Finding a way to commemorate the life of Dr. Martin Luther King Jr. using the voice of Dayton poet Paul Laurence Dunbar was a challenge local artists took on for the 2018 Visual Voices art exhibit.
“The Preacher, The Poet, The Vision,” on display in the Wintergarden of Dayton’s Schuster Center, was designed to mark the anniversary of the civil rights icon’s death.
“It turned out to be one of the best exhibits we’ve had in the 13 years we’ve been working, and part of that was because it was the most difficult,” said Willis “Bing” Davis, curator of the exhibition.
“It required another level of thinking for each of the artists. We charged them to do a memorial to Dr. Martin Luther King Jr., but do it through Paul Laurence Dunbar’s writing. Both of these giants died before they were 40, but they achieved greatness in their lives.”
The exhibition showcases the work of 13 African-American artists with local ties. Among the pieces on display are an oil painting by Abner Cope, works in clay by the Rev. Dr. Lois Fortson Kirk and digital photography by first-time exhibitor Horace Dozier Sr.
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The artists were given about four months to complete the project, according to Davis. “Halfway through, I gave consideration to canceling the exhibit because it seemed like it was going to be too tough and too difficult,” he said. “Because of that double level of thinking, artists were having difficulty coming up with what they thought would be an inspiration.”
Any concerns Davis had about whether the show would go on disappeared when he saw the finished pieces. “I had no idea what to expect, but when the work came in I was overwhelmed.”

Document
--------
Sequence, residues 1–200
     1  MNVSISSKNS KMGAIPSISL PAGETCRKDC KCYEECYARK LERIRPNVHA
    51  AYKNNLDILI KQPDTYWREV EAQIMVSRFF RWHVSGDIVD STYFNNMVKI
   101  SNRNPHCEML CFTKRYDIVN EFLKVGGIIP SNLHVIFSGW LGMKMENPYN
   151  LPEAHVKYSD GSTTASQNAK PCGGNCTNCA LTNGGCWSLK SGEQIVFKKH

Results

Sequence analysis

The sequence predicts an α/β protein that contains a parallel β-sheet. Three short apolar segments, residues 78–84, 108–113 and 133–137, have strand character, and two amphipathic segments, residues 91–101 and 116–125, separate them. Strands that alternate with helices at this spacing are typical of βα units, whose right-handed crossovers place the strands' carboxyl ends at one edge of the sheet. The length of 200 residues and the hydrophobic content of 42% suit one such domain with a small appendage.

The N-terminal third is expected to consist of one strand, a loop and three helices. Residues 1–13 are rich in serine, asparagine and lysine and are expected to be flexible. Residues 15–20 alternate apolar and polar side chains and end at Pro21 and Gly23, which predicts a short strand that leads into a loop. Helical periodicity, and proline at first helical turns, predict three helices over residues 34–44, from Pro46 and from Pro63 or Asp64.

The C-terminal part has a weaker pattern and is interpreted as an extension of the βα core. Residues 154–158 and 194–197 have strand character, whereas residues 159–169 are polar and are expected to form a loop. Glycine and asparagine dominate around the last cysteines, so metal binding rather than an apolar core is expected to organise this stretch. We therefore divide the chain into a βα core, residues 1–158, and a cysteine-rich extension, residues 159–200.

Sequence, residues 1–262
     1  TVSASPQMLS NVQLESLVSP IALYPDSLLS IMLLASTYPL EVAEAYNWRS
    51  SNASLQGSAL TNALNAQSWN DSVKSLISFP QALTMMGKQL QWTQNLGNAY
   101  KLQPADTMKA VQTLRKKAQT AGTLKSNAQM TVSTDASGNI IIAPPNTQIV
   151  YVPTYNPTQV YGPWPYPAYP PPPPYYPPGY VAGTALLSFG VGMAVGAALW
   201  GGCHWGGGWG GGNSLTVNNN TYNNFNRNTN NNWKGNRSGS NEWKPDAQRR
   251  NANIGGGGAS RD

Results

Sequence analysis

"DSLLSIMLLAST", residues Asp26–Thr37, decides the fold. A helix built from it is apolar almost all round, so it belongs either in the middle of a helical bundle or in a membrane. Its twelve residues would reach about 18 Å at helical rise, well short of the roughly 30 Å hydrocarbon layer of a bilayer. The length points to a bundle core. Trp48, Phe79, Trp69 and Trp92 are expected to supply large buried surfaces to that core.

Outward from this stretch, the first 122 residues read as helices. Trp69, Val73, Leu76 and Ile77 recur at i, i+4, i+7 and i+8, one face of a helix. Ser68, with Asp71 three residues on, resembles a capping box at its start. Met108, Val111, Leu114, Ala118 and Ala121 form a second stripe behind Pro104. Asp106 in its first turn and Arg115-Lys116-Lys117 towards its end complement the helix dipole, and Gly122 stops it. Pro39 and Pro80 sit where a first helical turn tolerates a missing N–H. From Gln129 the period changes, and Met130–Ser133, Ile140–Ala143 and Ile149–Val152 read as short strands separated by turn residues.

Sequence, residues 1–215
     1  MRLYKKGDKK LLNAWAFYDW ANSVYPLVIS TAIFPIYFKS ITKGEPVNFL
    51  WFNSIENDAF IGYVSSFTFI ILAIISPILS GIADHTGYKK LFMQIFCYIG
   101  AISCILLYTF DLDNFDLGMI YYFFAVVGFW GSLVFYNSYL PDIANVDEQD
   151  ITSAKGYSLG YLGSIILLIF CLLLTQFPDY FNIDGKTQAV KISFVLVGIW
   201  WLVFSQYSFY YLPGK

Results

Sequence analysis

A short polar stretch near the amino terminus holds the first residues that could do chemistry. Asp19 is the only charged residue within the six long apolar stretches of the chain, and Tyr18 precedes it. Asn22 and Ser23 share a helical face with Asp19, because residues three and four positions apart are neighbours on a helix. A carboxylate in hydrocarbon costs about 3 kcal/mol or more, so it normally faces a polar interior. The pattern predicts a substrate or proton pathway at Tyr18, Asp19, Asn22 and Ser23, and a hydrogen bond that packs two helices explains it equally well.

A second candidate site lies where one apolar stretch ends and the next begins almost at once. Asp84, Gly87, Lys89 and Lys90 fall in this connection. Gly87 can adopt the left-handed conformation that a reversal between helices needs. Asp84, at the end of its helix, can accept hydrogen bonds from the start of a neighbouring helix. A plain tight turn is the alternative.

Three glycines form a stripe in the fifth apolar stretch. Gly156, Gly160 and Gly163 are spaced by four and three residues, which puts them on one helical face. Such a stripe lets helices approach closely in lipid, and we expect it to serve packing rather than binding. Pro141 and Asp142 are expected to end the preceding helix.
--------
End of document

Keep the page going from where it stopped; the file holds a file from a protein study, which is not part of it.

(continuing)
Artist James Pate’s digital image, “Artist and Clergy,” was inspired by Dunbar’s poem “Sympathy” with its iconic refrain, “I know why the caged bird sings!” The piece merges black-and-white images of the facial features of Dunbar and Dr. King into one.
“In addition to showing compassion for the bird who is caged, Dunbar is also expressing sympathy for those caging the bird, who are also inadvertently caging themselves with their practice of injustice,” Pate wrote in his artist statement. “For as Dr. King so eloquently stated in his Birmingham letter, ‘Injustice anywhere is a threat to justice everywhere.’”
Morris Howard’s oil painting, “He Had His Dream,” was inspired by Dunbar’s poem of the same name.
“Through the dark clouds of a segregated America, Dr. King indeed ‘saw through every cloud a gleam,’ Howard wrote in his statement.
The painting captures Dr. King asleep in a green chair, a newspaper in his lap, dreaming of the past, present and future. Images of Dunbar, Barack Obama and a “drum major for justice,” a line taken from a 1968 sermon made in Atlanta, represent his thoughts.
“We hope not only to commemorate Dr. King and his great work but also to lift up the greatness of Paul Laurence Dunbar and to recommit to the struggle,” said Davis. “We are at a time in this country when we may need to go back and re-fight some old battles. The arts, often time, cannot only make us aware of tough times but help us get through it.
“We have to keep each other encouraged and we’ve got to overcome some difficulties in our society. This may be an opportune time to rethink Dr. King, rethink Dunbar and recommit to the struggle.”
For more than a decade, Shango: Center for the Study of African American Arts and Culture has collaborated with the Victoria Theatre Association to bring the exhibit to the Schuster Center. It will be on display through March 30 and then move to the EboNia Gallery in Dayton’s Wright-Dunbar Business District before it goes on display at the Dayton Power & Light headquarters June 26.
“What we hope is that anyone who views the exhibition will ask themselves, can I make a rededication to the struggle that Dr. King lived and died for?” said Davis. “And to also ask, what can I do? This is what the artists are doing, what can I do in my own way?”